God’s Fragrance for You

Romans 12:6 explains that each of us possesses different God-given gifts according to the grace granted us to exercise those abilities. This set of gifts in Romans 12:6-8 have often been termed motivational gifts and serve as ministerial tools proceeding from aspects of our personality and character. Although these gifts deal with our temperament, God-given abilities are certainly not limited to those mentioned in scripture.

There are a few important points that should not be overlooked.

  • You have a gift. Call it a gift or talent—I don’t care; but God has placed a special ability, or abilities, in our lives that is our responsibility to strengthen and use for his glory.
  • You should be exercising that gift. We dishonor God by diminishing his graces in us. Let naysayers…neigh-h! But we need to be about God’s business. For when we scratch below the surface of that gift, we’ll discover a natural fitness for it and a personal enjoyment.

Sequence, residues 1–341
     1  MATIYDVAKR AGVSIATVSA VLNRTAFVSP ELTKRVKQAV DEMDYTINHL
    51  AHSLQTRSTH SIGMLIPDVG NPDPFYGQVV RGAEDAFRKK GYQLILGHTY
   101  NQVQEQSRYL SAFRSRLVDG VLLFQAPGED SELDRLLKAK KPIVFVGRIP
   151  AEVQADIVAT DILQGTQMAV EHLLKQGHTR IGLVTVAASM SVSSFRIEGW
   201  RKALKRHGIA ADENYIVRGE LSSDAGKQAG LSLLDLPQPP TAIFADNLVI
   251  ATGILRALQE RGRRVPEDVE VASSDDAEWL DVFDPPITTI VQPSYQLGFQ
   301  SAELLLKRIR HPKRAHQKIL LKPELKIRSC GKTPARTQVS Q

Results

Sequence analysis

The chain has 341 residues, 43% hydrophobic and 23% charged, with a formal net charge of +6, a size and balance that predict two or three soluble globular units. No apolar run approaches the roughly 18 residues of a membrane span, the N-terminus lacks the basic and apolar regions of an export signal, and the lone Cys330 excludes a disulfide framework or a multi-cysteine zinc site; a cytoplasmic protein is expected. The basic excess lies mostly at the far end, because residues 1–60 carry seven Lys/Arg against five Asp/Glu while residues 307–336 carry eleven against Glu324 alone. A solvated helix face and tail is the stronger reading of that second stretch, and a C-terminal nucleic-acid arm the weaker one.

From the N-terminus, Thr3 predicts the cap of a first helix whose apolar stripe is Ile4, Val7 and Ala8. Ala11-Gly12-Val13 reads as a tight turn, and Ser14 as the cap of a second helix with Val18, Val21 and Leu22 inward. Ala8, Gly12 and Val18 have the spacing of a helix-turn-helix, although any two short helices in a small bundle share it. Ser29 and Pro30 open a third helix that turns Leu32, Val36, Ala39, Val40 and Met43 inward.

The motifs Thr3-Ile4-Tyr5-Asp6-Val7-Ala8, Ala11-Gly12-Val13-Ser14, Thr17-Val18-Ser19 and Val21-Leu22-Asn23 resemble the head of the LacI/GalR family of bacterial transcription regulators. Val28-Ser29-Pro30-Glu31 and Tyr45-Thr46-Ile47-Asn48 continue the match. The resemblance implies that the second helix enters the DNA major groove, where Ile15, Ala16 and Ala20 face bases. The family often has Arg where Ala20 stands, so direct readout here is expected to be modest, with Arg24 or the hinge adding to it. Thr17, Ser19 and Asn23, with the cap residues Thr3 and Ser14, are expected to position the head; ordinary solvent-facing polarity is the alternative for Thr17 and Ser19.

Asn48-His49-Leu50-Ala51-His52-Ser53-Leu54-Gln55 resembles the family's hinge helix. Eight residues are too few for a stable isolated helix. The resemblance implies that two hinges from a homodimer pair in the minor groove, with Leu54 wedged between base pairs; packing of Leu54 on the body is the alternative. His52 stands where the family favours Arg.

• Never compare yourself to others. It is our responsibility to work the gift; it is God’s responsibility to make it effective. Only you know the level of grace given to you; so it’s not for you to tuck your tail when you perceive someone else with a greater measure of grace in that area. God gives increase and may desire to raise your gift to unimaginable heights. But don’t shortchange him because you feel inferior to someone else.

You see, the graces in our lives are the specific fragrance God has designed for us. It smells good on us because the formulation is suited for our particular makeup. But if you try to wear the fragrance that has been specially-made for me, it just might stink on you!


Word Study: Hosanna

CC BY, UmmZ, Flickr

CC BY, UmmZ, Flickr

We know the term “hosanna” from the New Testament when it was shouted in acclamation of Jesus as he entered Jerusalem on the colt. The people were quoting Psalm 118:25-26 (ESV): “Save us, we pray, O Lord! O Lord, we pray, give us success! Blessed is he who comes in the name of the Lord! We bless you from the house of the Lord.”

Hosanna properly means to save, or to be saved or delivered (hosan-), beseechingly or now (-na). It is a prayer for rescue. With time, however, the word changed from a strong plea for help to praise for its arrival—and this is the context in which it is made of Jesus, the Messiah, entering Jerusalem.